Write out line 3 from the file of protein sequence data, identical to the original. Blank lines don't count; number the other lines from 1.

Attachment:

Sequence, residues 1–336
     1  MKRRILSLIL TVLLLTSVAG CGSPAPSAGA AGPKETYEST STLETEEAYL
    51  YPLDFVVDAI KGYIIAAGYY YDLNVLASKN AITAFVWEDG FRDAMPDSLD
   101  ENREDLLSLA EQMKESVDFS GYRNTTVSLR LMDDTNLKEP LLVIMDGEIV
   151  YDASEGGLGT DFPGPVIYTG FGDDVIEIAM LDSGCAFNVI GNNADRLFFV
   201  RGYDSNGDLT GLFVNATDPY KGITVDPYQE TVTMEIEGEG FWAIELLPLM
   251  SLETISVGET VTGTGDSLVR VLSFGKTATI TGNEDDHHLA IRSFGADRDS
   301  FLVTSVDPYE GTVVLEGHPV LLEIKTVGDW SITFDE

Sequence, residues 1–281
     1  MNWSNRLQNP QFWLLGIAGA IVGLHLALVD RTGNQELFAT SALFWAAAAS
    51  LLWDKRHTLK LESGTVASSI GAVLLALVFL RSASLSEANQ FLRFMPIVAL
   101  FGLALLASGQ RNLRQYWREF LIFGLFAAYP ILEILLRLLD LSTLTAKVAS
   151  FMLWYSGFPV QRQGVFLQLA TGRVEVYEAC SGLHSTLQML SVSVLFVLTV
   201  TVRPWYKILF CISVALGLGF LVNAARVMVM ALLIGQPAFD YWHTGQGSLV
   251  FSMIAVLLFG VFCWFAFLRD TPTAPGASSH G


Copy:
    51  YPLDFVVDAI KGYIIAAGYY YDLNVLASKN AITAFVWEDG FRDAMPDSLD